Source: Local News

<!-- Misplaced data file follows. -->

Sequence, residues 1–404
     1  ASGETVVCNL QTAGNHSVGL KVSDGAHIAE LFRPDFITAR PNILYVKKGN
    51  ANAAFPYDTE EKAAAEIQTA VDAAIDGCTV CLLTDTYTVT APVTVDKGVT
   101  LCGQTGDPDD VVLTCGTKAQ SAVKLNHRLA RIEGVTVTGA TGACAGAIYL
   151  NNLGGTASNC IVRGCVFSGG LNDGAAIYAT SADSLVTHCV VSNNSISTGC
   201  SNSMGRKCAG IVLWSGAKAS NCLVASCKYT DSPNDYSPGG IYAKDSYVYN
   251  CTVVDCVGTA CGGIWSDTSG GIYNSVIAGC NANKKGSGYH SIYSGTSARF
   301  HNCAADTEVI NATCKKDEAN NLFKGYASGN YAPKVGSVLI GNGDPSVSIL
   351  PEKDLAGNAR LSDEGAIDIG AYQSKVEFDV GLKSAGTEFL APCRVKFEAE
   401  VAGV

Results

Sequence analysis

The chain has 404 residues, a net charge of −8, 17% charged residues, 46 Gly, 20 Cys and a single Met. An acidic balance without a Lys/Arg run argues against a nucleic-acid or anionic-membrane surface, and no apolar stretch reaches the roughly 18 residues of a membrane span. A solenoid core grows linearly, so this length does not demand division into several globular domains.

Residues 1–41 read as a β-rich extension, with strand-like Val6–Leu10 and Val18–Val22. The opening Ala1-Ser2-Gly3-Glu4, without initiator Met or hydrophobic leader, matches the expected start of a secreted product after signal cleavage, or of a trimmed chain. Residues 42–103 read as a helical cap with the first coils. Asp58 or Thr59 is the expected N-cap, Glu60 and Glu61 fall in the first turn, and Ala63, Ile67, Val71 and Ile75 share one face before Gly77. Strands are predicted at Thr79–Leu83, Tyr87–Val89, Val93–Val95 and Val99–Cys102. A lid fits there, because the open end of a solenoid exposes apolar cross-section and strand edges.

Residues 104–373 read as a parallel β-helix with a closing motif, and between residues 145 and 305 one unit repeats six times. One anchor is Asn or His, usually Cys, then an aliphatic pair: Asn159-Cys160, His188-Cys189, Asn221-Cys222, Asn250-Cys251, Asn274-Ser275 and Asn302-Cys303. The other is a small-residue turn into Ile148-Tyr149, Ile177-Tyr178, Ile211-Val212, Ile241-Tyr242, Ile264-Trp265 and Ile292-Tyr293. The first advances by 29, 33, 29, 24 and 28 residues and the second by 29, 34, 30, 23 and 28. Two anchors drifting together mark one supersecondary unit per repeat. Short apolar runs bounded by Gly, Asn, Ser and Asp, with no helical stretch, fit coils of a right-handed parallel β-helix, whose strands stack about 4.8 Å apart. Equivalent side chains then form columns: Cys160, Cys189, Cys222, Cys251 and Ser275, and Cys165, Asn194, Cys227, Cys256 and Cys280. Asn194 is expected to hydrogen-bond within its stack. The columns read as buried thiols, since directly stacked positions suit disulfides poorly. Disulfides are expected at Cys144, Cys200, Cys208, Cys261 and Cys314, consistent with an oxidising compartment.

With two growing boys, Laura Cotting said she cannot risk them skipping a meal. But thanks to what she calls the “lunch of shame,” -- it’s happened more than once at school in Waterloo. "I think all told, it was five or six times that my sons ended up with no lunch," Cotting said. Cotting said both of her sons are on the same account to pay for their lunch every day. She said on more than one occasion, one or both of the boys would reach the end of the line with their trays full of hot food when the cafeteria cashier told them there wasn’t enough money in the account to cover their meal. Cotting said the food was thrown out, and her sons were handed a peanut butter and jelly sandwich. "They felt humiliated. They felt shamed," Cotting said. "For them it was a nasty surprise during the school day because they had no idea where the lunch account balance was." Stories like Cotting’s led PTO secretary Angie Stinnett to push for new policies. "It's embarrassing, and then they're afraid to get back in the line, afraid that it's going to happen again," Stinnett said. Stinnett has gone to district administration, asking them to eliminate the so-called “lunch of shame” and serve all kids the same meal, whether they have money in their account or not. An online petition has more than 400 people supporting the cause. "I don't care if it works. We can find another way that works that doesn't embarrass children," Stinnett said. Waterloo district administrator Connie Schiestel said the policy wasn’t created to embarrass kids. According to current policies, students who are not able to pay for full-priced lunches are served an alternative lunch of a sandwich and milk. That meal is served to any child in fifth through 12th grade for up to three days. If parents do not replenish their account within those three days, schools do not serve the child. Schiestel said under USDA law, school districts make their own rules of how to handle empty accounts. That means districts could deny lunch altogether to any student with a negative balance if that’s how they chose to do it. "The fact that we have few negative balances, I think, does speak to the fact that this has been very consistent," Schiestel explained. "Here's our policy, this is what happens, and the parents have responded by making sure that their accounts, they have been responsible." Schiestel said when a child’s account is less than $10, those students are sent home with daily written notices, warning parents of the low balance. Parents are also supposed to receive emails if the account reaches that level. Schiestel added lunches that cannot be covered by a negative account have to be thrown away since the food cannot be served to another student under health department requirements. Schiestel said the policies in place have prevented debt from unpaid lunch fees, which would have to be made up with funds from the school’s other operational budgets. While the current rules have proved to be effective, Schiestel said the district is up for looking at other options. "If there is a better way to work through this and to still run a viable lunch program, we're certainly willing to make that effort," Schiestel said. The district’s policy committee recommended the Waterloo school board do away with the alternative lunch and serve kids the meal they came up to the cashier with. School board members will have their first reading on the policy changes Monday. If they vote to adopt the new rules, the district will run a trial period on the policy for the last eight weeks of this school year. At that point, the school board will reassess any acquired debts and make a decision on permanent policies. Cotting said she never got an email warning from the district about her boys’ low balance. Regardless, she said the way the district deals with the issue is unacceptable. "There is no excuse for a school to make a child suffer in an attempt to try to control the parents. Find another way," Cotting said.